Let's face it:  self-delusion is as much a part of the human condition as breathing.  We have a tendency to do nice things to people we like and bad things to those we dislike.  But, what the psychology behind this tendency is an inverse relationship:  a reverse-engineering of attitudes that takes place as we grow to like people for whom we do nice things and dislike those to whom we are unkind.  This curious effect is called the "Benjamin Franklin Effect," and was so named after a specific trolling incident that happened early in Franklin's political career.  Here's the story:


    Benjamin Franklin was one of 17 children growing up in a family of impoverished means.  In spite of very low odds of becoming an educated man of status and power, he learned formidable people skills and became a "master of the game of personal politics."  When he ran for his second term as a clerk, a peer whose name was never mentioned in Franklin's autobiography, delivered a long election speech censuring Franklin and tarnishing his reputation.  Franklin won the reelection, but he was furious and wanted to tame the troll and tame him shrewdly because the troll was a gentleman of fortune and eduction who might one day come to hold a government office.  So, he set out to turn his hater into a fan, "but without paying any survile respect to him".  By that time, Franklin's reputation as a book collector and library founder gave him a standing as a man of discerning literary tastes, so Franklin sent a letter to the hater asking if he could borrow a specific selection from his library, one that was a "very scarce and curious book".  The rival, flattered, sent it right away.  Franklin sent it back a week later with a thank-you note.  Mission accomplished.  The next time the legislature met, the man approached Franklin and spoke to him in person for the first time.  Franklin said the man "ever after manifested a readiness to serve me on all occasions, so that we became great friends, and our friendship continued to his death."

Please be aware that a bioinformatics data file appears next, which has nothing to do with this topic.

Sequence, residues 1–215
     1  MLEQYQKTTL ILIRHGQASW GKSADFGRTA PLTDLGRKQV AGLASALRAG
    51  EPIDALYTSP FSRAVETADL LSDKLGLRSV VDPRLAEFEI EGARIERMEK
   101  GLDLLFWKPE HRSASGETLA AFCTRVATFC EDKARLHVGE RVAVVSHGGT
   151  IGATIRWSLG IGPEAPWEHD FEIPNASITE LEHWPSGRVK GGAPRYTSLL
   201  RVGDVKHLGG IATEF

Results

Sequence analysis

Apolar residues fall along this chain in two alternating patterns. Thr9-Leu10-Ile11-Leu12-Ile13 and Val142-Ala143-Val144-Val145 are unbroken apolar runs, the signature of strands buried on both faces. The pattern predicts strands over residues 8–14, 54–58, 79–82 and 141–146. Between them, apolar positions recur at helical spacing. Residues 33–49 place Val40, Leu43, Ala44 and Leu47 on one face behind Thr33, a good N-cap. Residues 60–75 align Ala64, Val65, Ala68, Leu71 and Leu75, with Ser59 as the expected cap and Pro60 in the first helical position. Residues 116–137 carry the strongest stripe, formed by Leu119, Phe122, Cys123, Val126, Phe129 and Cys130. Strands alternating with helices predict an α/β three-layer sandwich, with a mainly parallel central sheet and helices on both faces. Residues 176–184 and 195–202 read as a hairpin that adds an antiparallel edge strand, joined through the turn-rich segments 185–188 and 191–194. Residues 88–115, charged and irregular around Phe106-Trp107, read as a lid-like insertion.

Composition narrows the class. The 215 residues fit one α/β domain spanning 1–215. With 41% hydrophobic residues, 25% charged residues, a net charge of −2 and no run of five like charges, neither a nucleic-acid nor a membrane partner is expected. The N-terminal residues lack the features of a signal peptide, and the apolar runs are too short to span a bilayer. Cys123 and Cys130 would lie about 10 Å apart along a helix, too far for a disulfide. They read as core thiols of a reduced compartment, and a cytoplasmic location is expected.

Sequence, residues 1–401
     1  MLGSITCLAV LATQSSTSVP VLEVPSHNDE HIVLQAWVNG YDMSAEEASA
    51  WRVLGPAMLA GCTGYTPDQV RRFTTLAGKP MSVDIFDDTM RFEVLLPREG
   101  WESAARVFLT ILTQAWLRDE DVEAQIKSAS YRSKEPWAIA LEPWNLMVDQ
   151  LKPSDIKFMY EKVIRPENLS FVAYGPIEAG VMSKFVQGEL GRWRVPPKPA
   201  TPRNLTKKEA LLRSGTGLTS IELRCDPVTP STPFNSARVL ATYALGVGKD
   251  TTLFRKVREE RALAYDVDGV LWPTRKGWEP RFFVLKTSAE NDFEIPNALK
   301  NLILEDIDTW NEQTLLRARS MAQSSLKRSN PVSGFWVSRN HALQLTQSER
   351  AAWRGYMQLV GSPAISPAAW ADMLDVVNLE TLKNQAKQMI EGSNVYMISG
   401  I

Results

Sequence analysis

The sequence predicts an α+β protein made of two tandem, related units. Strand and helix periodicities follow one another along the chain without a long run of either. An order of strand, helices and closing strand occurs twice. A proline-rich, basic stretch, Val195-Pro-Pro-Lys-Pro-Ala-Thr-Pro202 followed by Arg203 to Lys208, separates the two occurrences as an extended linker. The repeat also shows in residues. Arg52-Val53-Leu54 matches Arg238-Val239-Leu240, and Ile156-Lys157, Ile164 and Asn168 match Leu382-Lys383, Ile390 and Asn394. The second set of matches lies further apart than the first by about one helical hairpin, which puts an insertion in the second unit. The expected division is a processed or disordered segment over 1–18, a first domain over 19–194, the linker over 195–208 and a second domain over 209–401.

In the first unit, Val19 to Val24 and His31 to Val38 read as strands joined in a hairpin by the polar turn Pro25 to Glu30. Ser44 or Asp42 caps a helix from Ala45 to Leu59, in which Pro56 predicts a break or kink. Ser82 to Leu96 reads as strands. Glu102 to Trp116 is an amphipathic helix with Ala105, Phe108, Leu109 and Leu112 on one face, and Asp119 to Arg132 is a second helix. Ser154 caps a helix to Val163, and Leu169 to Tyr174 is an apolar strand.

We would all do well to deal with our critics in a similarly clever fashion.  It would immediately reduce the level of angst, vindictiveness and divisiveness in our world ... and that's a great start for change in 2017.

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